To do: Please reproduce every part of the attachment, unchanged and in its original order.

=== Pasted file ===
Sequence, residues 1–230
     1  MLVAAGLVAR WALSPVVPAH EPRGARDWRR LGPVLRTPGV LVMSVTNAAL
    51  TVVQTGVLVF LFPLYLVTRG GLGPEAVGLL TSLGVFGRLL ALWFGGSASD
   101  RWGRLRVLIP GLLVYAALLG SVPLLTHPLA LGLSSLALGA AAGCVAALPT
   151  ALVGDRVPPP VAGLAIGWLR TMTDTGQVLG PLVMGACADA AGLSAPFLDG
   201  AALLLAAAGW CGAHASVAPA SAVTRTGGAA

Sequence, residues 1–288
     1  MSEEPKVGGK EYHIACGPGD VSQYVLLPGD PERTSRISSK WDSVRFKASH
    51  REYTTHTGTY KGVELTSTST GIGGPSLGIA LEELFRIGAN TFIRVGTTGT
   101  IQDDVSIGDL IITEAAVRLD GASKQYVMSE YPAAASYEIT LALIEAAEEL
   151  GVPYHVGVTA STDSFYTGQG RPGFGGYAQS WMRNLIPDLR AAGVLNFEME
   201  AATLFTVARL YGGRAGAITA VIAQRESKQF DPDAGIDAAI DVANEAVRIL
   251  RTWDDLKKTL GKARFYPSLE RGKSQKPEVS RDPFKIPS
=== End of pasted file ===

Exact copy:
Sequence, residues 1–230
     1  MLVAAGLVAR WALSPVVPAH EPRGARDWRR LGPVLRTPGV LVMSVTNAAL
    51  TVVQTGVLVF LFPLYLVTRG GLGPEAVGLL TSLGVFGRLL ALWFGGSASD
   101  RWGRLRVLIP GLLVYAALLG SVPLLTHPLA LGLSSLALGA AAGCVAALPT
   151  ALVGDRVPPP VAGLAIGWLR TMTDTGQVLG PLVMGACADA AGLSAPFLDG
   201  AALLLAAAGW CGAHASVAPA SAVTRTGGAA

Sequence, residues 1–288
     1  MSEEPKVGGK EYHIACGPGD VSQYVLLPGD PERTSRISSK WDSVRFKASH
    51  REYTTHTGTY KGVELTSTST GIGGPSLGIA LEELFRIGAN TFIRVGTTGT
   101  IQDDVSIGDL IITEAAVRLD GASKQYVMSE YPAAASYEIT LALIEAAEEL
   151  GVPYHVGVTA STDSFYTGQG RPGFGGYAQS WMRNLIPDLR AAGVLNFEME
   201  AATLFTVARL YGGRAGAITA VIAQRESKQF DPDAGIDAAI DVANEAVRIL
   251  RTWDDLKKTL GKARFYPSLE RGKSQKPEVS RDPFKIPS